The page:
Bopp, L., L. Resplandy, J.C. Orr, S.C. Doney, J.P. Dunne, M. Gehlen, P. Halloran, C. Heinze, T. Ilyina, R. Seferian, and J. Tjiputra. 2013. Multiple stressors of ocean ecosystems in the 21st century: Projections with CMIP5 models. Biogeosciences 10:6,225–6,245, https://doi.org/​10.5194/bg-10-6225-2013.

Breitburg, D., LA. Levin, A. Oschlies, M. Grégoire, F.P. Chavez, D.J. Conley, V. Garçon, D. Gilbert, D. Gutiérrez, K. Isensee, and G.S. Jacinto. 2018. Declining oxygen in the global ocean and coastal waters. Science 359(6371), https://doi.org/10.1126/science.aam7240.

Caldeira, K., and M.E. Wickett. 2003. Anthropogenic carbon and ocean pH. Nature 425(6956):365, https://doi.org/10.1038/425365a.

Chan, F., J.A. Barth, J. Lubchenco, A. Kirincich, H. Weeks, W.T. Peterson, and B.A. Menge. 2008. Emergence of anoxia in the California Current large marine ecosystem. Science 319(5865):920, https://doi.org/10.1126/science.1149016.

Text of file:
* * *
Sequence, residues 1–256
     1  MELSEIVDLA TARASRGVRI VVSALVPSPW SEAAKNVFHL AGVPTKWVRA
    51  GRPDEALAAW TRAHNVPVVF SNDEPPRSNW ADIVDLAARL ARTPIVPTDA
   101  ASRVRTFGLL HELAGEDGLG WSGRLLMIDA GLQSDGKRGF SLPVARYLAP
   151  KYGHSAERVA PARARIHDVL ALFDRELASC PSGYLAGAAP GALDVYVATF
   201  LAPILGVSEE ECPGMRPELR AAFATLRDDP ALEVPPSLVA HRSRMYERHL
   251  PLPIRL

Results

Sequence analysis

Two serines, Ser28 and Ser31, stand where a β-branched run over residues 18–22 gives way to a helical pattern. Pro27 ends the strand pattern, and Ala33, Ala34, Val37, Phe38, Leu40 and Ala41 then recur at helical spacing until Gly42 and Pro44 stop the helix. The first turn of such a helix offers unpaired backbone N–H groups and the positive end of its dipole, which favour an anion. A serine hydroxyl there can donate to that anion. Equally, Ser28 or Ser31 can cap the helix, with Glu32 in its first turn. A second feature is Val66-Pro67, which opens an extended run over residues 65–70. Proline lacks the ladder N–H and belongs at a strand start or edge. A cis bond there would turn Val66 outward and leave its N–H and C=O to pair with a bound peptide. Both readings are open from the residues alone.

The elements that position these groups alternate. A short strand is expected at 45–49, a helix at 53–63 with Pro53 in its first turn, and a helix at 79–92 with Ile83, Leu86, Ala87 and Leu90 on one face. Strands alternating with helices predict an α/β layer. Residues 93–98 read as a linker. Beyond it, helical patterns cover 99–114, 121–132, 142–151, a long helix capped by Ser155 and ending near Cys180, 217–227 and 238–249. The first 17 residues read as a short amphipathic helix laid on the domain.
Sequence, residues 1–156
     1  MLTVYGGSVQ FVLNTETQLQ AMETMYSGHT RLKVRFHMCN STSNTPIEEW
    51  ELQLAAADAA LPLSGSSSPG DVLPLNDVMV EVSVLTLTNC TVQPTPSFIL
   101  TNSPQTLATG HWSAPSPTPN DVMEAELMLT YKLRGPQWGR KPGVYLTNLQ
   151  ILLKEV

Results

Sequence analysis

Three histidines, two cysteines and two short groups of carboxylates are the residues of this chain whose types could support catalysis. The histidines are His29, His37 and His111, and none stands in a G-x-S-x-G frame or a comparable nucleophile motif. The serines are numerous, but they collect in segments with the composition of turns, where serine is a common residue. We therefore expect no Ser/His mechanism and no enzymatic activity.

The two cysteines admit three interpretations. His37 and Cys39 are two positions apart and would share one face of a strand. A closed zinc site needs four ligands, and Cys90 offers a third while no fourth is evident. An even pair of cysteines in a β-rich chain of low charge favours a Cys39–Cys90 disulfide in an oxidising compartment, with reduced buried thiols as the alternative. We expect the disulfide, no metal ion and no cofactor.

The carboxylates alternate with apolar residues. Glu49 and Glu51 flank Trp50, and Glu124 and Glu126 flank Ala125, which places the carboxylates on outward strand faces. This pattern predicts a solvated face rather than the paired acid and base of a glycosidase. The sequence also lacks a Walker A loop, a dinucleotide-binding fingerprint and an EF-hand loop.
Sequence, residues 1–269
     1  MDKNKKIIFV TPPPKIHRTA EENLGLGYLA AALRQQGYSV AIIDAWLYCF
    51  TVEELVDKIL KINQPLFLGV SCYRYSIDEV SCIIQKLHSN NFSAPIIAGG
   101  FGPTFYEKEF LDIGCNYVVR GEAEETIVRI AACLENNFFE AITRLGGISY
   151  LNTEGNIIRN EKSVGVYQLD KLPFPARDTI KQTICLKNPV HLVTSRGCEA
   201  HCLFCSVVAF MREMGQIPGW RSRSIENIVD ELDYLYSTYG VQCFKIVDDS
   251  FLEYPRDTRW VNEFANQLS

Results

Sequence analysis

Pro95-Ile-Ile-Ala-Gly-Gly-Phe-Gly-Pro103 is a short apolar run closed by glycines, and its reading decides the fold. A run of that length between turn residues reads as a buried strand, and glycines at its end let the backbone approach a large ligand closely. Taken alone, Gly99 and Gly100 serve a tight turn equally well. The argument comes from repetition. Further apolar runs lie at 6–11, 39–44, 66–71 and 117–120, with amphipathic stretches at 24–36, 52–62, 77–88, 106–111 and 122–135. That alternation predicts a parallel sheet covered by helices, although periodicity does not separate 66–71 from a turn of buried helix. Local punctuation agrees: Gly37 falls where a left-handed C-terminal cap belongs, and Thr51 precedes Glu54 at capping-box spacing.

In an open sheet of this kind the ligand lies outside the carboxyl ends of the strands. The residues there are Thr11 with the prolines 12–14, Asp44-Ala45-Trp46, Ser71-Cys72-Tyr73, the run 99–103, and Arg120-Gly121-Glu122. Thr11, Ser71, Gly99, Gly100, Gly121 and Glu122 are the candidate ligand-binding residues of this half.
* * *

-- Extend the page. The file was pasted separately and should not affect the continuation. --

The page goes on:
Chan, F., A.B. Boehm, J.A. Barth, E.A. Chornesky, A.G. Dickson, R.A. Feely, B. Hales, T.M. Hill, G. Hofmann, D. Ianson, and others. 2016. The West Coast Ocean Acidification and Hypoxia Science Panel: Major Findings, Recommendations, and Actions. California Ocean Science Trust, Oakland, California, USA, 37 pp.

Chan, F., J.A. Barth, C.A. Blanchette, R.H. Byrne, F. Chavez, O. Cheriton, R.A. Feely, G. Friederich, B. Gaylord, T. Gouhier, and others. 2017. Persistent spatial structuring of coastal ocean acidification in the California Current System. Scientific Reports 2526, https://doi.org/10.1038/s41598-017-02777-y.

Checkley, D.M. Jr., and J.A. Barth. 2009. Patterns and processes in the California Current System. Progress in Oceanography 83(1–4):49–64, https://doi.org/10.1016/j.pocean.2009.07.028.

Diaz, R.J., and R. Rosenberg. 2008. Spreading dead zones and consequences for marine ecosystems. Science 321(5891):926–929, https://doi.org/10.1126/science.1156401.

Di Lorenzo, E. 2015. The future of coastal ocean upwelling. Nature 518(7539):310–311, https://doi.org/​10.1038/518310a.

Doney, S.C., M. Ruckelshaus, J.E. Duffy, J.P. Barry, F. Chan, C.A. English, H.M. Galindo, J.M. Grebmeier, A.B. Hollowed, N. Knowlton, and J. Polovina. 2011. Climate change impacts on marine ecosystems. Annual Review in Marine Science 4:11–37, https://doi.org/10.1146/annurev-marine-041911-111611.